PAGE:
Forty years ago today, Cork made history by becoming the first place in Ireland to hire female bus conductors.
On July 18, 1979, Maura Wallace, Geraldine Horgan and Angela Stout began work as bus conductors employed by Córas Iompair Éireann (CIE) in Cork city.
The women were employed under the same conditions as the male conductors, earning the same wages and wearing the same uniforms.
All three women were attached to the Capwell CIE depot in Cork at a time when there were no female bus conductors employed in Dublin.
Geraldine Horgan was a former hospital attendant, Angela Stout was a former bus conductor on London Transport and Maura Wallace held a Diploma in Youth and Community Work.
Geraldine passed away in 2008 but speaking to The Echo, her daughter Erika Ní Thuama, said it is great to know her mother is part of history.
“It was a big thing to have three women starting at that time and breaking down barriers in that way.
“I have one memory of being on a bus around that time that my mom was driving but I don’t remember many other female drivers at the time or even in the years after.
“Even now, it’s still a rare thing in Cork,” she added.
“It’s something that my mom always instilled in us growing up, that we could do anything we want, and she meant it.
“She went into this industry that was male-dominated and did what she did at a time when female workers in the CIE were usually working in the office, not out as bus conductors or drivers.
“So from that point of view, she always told us to push on and that we could do whatever we wanted.
“She definitely wasn’t one for listening to people telling her she couldn’t do something - if that happened, it would have made her more determined to do exactly that,” said Erika.
Around two years after becoming a conductor, Geraldine went on to drive the number two bus in Cork, making her one of the first female bus drivers in Ireland.
“She used to drive the number two bus which was a double-decker that went down the Convent Road,” said Erika.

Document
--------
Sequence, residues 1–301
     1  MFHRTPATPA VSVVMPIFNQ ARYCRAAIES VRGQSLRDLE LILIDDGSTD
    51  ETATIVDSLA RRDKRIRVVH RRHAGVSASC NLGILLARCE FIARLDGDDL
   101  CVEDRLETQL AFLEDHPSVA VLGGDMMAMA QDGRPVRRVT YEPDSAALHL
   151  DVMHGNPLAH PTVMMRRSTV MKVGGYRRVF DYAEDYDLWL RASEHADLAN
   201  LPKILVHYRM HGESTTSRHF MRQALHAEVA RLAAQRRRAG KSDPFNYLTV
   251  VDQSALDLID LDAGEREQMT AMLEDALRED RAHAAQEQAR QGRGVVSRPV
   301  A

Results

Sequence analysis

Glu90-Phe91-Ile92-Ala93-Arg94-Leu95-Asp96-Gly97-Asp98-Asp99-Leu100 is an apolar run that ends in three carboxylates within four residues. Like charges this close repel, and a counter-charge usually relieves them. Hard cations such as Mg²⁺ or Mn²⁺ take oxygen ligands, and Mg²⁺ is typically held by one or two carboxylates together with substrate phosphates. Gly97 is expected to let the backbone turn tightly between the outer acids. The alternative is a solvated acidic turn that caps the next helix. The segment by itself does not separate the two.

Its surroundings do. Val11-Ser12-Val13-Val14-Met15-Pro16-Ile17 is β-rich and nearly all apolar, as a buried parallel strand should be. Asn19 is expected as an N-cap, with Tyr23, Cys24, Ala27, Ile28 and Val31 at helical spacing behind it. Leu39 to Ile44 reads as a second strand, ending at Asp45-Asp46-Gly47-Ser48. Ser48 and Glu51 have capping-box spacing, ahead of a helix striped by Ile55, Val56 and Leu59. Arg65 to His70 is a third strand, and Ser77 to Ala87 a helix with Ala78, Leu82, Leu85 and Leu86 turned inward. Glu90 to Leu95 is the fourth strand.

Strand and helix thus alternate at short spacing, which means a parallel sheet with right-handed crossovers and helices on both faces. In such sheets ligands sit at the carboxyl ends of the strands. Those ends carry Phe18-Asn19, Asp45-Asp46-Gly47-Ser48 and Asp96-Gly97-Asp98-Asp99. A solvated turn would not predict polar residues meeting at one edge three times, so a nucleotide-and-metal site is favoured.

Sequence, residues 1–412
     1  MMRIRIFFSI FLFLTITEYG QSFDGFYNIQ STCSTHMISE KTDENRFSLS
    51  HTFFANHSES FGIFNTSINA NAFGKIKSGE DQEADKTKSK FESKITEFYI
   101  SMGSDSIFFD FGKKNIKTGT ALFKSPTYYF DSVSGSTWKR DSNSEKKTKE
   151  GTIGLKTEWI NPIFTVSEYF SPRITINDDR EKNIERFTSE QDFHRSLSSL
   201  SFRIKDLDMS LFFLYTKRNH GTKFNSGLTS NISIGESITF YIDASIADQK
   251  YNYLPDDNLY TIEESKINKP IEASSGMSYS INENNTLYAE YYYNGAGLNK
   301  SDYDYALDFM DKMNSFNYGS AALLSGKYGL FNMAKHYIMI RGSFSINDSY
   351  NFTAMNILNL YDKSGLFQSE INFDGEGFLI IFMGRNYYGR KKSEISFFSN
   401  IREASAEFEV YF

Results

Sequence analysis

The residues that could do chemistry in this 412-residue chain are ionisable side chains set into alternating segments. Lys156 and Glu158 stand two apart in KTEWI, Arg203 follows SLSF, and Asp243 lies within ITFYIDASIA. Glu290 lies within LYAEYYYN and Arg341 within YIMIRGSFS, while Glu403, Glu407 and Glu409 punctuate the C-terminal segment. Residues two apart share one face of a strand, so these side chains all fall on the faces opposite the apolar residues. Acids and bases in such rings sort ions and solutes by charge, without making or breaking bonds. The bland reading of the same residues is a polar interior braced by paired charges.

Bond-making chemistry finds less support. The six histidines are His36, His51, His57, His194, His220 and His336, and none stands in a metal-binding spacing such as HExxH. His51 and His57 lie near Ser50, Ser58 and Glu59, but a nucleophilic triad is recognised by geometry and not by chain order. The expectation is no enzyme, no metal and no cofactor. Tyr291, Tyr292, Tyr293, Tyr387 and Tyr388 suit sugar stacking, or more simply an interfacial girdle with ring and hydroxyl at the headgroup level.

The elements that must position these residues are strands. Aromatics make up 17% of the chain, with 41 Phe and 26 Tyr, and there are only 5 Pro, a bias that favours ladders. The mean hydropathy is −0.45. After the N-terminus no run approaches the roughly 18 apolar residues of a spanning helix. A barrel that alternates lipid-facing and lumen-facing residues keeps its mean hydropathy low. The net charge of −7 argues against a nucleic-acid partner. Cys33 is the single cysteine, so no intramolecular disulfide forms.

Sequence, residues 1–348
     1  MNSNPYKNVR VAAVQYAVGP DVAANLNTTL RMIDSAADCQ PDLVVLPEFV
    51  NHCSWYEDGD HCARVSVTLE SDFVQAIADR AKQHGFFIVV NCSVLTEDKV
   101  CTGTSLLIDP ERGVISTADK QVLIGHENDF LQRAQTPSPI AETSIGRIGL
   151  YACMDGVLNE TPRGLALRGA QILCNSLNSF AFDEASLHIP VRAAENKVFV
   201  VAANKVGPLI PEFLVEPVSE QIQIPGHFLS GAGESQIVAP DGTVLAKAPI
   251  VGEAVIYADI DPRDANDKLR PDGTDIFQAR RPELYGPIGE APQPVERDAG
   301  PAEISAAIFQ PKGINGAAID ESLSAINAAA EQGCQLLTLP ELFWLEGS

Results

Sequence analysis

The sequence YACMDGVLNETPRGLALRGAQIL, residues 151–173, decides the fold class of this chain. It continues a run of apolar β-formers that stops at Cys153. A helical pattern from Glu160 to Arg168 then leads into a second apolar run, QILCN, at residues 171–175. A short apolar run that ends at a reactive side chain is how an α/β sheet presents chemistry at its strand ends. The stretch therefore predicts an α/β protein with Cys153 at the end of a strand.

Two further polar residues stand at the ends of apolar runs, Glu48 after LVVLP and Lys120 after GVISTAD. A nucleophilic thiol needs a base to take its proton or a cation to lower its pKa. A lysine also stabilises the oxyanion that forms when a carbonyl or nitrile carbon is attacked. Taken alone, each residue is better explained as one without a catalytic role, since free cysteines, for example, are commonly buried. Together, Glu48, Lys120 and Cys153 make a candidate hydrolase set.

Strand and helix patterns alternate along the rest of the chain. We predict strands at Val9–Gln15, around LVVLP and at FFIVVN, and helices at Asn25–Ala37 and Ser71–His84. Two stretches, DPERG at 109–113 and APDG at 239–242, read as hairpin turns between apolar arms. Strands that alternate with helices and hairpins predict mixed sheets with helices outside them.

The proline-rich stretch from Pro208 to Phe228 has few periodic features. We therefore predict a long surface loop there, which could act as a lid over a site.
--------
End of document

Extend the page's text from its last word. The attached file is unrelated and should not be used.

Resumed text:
“So when I was learning how to drive, one of her favourite lines was ‘I could drive a double-decker down here, you can at least get a car down it’.
“That was one of her favourite lines when you were out in the car with her,” she added.
“She could be driving up Sunday’s Well and she was stuck behind someone, she’d be saying ‘ah for god’s sake, I used to get a double-decker up here, would you come on’.
“She’d use lines like that all the time,” laughed Erika.
“We were always reminded that our mom was one of the first female conductors and then went on to become one of the first female bus drivers in Ireland.
Erika revealed that it was in fact how her parents met.
“Dad was actually a mechanic with CIE and when mom was out driving one day, the bus broke down and he was called out to fix it,” she said.
“So that’s how they met.”
While Geraldine was the only one from her side of the family to work with buses, Erika said it is easy to see where she got her enthusiasm for driving from.
"Her dad, my grandad, owned a car garage out in Kerry Pike that my uncle owns now and they were always around cars growing up,” she explained.
“My grandad was a big hot rod fan and driver and they used to go rally’s the whole time.
“I don’t know how she managed to end up on the buses but I can see where that early influence came from,” she laughed.
“On my dad’s side, his brother worked in CIE and Bus Eireann for many years and his dad was involved on the trains so it was definitely a family thing on his side.”
An RTÉ News report broadcast on 18 July 1979 captured footage of Geraldine, Angela and Maura in training for their new roles as bus conductors.